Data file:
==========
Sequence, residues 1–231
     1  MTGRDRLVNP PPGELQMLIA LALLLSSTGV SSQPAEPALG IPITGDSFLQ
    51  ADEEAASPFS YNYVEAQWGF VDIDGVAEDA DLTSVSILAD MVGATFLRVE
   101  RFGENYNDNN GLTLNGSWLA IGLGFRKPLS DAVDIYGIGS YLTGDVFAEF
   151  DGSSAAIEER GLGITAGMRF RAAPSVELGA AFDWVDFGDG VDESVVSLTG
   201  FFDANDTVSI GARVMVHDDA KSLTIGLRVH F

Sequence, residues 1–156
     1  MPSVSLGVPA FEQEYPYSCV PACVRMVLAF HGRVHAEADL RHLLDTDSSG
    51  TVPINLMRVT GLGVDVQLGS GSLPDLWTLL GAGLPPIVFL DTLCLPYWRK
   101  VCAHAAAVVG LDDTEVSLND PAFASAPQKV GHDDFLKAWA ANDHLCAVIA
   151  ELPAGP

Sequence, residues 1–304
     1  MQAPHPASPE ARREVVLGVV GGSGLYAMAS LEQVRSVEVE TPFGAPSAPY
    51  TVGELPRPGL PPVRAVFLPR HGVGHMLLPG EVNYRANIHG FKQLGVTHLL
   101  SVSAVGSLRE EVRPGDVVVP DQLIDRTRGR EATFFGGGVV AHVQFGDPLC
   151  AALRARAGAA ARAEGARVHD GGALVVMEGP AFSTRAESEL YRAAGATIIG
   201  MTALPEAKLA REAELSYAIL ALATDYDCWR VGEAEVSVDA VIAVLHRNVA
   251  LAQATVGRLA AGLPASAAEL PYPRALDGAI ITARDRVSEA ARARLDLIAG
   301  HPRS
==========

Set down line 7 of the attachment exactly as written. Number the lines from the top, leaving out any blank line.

Sequence, residues 1–156